Luís da Câmara Cascudo

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Luís da Câmara Cascudo (December 30, 1898 – July 30, 1986) was a Brazilian anthropologist, folklorist, journalist, historian, lawyer, and lexicographer.

He was born in Natal, Northeast Brazil. He lived his entire life in Natal and dedicated himself to the study of Brazilian culture and he was a professor at the Federal University of Rio Grande do Norte. The institute of anthropology there now bears his name.

As a researcher into the manifestations of the Brazilian cultures, he left behind an extensive body of work, including the Dictionary of Brazilian Folklore (1952). Among his best-known works are Alma patrícia (1921 his first work), Traditional Tales of Brazil (1946). His studies of the period of the Dutch invasions of Brazil led to the publication of his Geography of Dutch Brazil. His memoirs, Time and I (1971) were edited posthumously.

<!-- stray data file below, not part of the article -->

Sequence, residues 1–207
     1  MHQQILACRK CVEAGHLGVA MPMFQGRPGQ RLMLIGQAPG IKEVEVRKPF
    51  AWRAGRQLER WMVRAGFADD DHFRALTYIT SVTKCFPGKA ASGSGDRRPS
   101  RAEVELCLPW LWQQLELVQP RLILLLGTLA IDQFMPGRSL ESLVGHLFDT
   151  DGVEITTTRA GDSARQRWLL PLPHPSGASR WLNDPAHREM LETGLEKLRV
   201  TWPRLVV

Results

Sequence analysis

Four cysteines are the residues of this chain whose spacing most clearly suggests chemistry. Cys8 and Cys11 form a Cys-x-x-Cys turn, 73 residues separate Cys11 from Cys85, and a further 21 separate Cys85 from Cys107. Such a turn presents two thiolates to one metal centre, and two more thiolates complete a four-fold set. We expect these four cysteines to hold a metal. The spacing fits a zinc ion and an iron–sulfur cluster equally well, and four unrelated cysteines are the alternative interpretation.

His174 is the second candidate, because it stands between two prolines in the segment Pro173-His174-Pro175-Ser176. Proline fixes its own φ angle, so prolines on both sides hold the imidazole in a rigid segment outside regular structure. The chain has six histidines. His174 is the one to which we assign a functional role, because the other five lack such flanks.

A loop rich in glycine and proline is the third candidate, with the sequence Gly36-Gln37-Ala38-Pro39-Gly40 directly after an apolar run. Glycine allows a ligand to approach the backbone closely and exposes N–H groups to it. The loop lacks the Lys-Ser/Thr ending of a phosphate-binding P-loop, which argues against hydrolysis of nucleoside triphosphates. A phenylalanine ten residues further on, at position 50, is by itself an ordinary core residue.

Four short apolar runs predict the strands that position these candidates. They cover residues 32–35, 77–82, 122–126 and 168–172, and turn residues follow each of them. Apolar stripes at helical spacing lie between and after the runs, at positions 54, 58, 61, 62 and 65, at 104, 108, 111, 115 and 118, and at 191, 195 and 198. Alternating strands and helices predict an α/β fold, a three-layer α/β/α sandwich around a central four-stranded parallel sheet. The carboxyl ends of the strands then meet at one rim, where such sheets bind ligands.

He was once nearly fired for studying folkloric figures such as the werewolf.

Câmara Cascudo wrote 31 books on Brazilian folklore, over 8000 pages. He has done the most extensive work on Brazilian folklore so far, with notable quality, and he has received recognition for it.